Matatu fare control: An analysis and feasibility of the proposed legislation

August 14, 2023 - Reading Time: 3 minutes - By Annette Muindi

Kimilili MP Didmus Barasa has introduced the National Transport and Safety Authority (Amendment) Bill, 2023 that seeks to amend the NTSA Act, 2012. If passed,  the Transport Cabinet Secretary will have powers to put caps on bus fares for public service vehicles (PSVs) in proposed changes to the law.

Presently, matatus independently determine their fares based on factors such as the route they operate, prevailing weather conditions (especially in Nairobi), distance, time of day, fuel prices, and various other considerations. The prevalent strategy of undercutting is widely employed by operators as a means to outpace competition.

 The Cabinet Secretary will also prescribe the mechanisms of reviewing fares charged by matatus as well as measures for ensuring that fares are fair and reasonable.

The issue facing transport prices

The Energy and Petroleum Regulatory Authority (EPRA) revised pump prices upwards in the wake of the doubling of the value-added tax (VAT) on petroleum products to 16 percent. Fuel prices jumped with petrol increasing by Sh13.49 per litre, diesel by Sh12.39 and kerosene by Sh11.96.

Due to the increase in fuel, matatus and buses adjusted their rates to meet the new cost of fuel in order to reduce their operating expenses. As such, the cost was passed down to passengers exacerbating the increase in the cost of living in the country. As it stands now, passengers from Zimmerman to Nairobi’s central business district pay Sh70 up from Sh60. Those commuting from Rongai to Nairobi pay Sh120 up from Sh100 they normally pay on the route especially when the demand for transport is high.

As such, the proposed legislation may make a difference if it is used to lower and streamline the cost of transport.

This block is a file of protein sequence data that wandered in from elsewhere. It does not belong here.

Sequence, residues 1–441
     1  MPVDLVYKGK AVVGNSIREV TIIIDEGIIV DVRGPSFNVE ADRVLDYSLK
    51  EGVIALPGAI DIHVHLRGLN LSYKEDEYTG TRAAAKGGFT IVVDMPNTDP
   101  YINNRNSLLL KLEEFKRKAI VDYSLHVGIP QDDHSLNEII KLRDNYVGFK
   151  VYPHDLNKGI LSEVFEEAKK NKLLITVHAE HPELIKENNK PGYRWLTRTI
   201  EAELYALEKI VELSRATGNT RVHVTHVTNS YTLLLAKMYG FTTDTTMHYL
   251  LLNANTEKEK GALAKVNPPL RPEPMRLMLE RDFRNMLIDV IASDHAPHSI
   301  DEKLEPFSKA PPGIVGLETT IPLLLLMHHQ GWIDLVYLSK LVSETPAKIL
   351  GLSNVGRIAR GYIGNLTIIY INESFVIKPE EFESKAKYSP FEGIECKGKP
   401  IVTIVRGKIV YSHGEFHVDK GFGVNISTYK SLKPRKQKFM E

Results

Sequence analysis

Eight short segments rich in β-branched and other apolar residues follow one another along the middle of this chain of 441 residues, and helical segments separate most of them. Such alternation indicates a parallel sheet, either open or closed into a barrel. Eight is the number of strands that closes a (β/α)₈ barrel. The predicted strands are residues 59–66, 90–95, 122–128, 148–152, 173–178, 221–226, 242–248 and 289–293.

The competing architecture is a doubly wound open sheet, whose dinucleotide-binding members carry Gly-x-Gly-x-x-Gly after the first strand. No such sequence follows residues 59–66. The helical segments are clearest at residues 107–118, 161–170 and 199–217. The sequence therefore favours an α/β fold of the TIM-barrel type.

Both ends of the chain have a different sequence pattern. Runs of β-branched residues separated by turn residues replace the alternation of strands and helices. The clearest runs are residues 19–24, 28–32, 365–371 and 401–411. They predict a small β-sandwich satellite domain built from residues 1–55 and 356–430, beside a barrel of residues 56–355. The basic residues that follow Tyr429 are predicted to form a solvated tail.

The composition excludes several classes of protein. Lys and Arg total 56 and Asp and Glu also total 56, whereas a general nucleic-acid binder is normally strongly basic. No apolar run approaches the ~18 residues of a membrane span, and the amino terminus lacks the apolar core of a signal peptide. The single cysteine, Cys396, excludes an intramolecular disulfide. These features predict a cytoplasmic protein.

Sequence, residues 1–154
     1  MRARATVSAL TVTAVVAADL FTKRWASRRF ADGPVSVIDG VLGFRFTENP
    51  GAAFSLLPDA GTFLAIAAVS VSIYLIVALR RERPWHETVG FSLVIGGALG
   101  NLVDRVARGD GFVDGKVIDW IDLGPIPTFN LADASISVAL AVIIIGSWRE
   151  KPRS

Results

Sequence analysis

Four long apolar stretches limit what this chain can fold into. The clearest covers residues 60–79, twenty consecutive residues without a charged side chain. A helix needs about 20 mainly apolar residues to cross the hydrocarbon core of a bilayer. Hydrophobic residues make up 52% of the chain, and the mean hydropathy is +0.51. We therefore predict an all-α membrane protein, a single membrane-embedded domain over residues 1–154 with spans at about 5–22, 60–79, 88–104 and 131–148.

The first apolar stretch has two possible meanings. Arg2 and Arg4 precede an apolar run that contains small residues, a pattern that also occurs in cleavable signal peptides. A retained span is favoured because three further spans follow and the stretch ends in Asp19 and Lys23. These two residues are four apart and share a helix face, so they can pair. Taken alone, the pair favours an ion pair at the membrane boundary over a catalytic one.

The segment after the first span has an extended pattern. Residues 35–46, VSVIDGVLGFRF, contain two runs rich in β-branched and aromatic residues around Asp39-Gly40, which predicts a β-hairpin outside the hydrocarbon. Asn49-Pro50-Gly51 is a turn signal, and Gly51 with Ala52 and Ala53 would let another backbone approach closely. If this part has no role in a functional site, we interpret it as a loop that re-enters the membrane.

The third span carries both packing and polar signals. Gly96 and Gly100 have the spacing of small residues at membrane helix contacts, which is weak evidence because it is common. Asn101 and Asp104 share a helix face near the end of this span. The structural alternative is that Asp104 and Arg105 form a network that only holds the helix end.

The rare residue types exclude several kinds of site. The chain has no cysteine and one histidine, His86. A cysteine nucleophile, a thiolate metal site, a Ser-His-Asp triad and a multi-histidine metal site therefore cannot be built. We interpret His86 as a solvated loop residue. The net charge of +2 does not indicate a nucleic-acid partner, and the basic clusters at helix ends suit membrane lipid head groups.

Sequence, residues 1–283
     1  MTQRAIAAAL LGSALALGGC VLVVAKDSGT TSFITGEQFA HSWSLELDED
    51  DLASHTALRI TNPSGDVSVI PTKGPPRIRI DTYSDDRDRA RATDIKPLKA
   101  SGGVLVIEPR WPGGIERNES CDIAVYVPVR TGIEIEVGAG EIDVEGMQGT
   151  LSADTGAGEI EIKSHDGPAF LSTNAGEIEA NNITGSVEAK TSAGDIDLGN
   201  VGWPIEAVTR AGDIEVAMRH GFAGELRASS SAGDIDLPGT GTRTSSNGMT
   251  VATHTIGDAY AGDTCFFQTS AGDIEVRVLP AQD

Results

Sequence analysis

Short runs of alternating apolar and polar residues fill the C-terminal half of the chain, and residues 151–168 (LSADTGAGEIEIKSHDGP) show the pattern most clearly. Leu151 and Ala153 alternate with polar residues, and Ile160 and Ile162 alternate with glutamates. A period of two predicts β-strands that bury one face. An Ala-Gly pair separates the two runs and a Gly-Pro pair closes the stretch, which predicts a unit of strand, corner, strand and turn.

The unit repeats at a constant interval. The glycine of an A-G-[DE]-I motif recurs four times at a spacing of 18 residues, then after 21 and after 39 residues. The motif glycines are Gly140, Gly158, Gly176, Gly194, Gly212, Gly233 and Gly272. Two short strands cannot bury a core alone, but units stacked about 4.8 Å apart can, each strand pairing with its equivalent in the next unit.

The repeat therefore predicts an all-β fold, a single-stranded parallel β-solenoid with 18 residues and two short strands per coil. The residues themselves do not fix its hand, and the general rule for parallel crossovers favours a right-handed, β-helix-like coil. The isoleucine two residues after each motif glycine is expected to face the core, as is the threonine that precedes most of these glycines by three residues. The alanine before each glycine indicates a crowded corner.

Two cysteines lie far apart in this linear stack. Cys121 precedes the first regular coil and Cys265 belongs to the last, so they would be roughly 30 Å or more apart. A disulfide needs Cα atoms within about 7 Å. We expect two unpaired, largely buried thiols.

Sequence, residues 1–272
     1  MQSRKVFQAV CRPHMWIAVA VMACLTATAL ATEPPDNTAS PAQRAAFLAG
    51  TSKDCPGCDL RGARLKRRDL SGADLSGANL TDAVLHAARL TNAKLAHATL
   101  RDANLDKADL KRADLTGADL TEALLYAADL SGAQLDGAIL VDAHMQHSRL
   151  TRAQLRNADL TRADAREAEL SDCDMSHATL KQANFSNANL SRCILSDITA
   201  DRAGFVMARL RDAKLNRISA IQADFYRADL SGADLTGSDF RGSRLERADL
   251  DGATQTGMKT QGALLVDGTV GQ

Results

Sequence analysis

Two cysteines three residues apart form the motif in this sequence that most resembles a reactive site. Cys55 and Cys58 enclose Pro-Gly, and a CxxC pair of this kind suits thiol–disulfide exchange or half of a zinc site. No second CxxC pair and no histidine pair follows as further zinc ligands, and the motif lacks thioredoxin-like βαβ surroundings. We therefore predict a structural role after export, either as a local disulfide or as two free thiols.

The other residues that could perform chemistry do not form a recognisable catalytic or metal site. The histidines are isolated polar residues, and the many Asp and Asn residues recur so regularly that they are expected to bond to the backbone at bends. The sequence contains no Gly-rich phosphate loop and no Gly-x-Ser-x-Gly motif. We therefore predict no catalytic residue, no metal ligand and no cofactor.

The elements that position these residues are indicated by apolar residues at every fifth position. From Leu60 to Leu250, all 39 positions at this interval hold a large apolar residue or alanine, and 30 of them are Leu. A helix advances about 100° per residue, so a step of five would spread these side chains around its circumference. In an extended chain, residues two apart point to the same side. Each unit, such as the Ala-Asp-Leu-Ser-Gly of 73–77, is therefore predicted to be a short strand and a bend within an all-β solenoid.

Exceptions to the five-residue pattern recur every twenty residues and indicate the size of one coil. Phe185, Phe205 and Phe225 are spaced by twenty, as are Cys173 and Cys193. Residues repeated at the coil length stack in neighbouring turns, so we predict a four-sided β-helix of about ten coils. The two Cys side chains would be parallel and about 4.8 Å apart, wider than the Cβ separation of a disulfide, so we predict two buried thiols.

Comparison globally

In Singapore, public transport rates are set by the Public Transport Council. The formula is used in the annual fare revision exercise to determine the maximum amount that bus and train fares can change after accounting for various factors that influence the operation of public transport services. By design, the formula takes into account the cost of running public transport operations. This would include the core inflation rate, wage and energy costs.

Additionally, in the UK, bus fares are set by the Department for Transport. In 2022, the department announced that bus journeys in England will be capped at £2 for three months amid concerns about the cost-of-living crisis. The government worked with operators and local authorities to introduce the scheme. The Department for Transport said bus operators representing 90% of the market had expressed support for the scheme.

In the US, Kansas City first experimented with zero-fare transit in 2016 with the launch of its streetcar, a two-mile fixed rail line in the city’s downtown where riders can hop on and off, free of charge. The city is investing $400 million to expand the streetcar route to more than six miles by 2025. The zero-fare bus started in December 2019 as a pilot program. Then after Covid hit, the city’s bus authority kept it in place permanently as a safety measure, since it reduced physical interactions between bus drivers and riders.

Conclusion

The proposed fare cap is an ambitious undertaking that may help ease the cost-of-living crisis in the country. However, it may be difficult to enforce or even justify matatus and buses as they are privately owned. There will be pushback as this move will be seen as the government overextending itself. 

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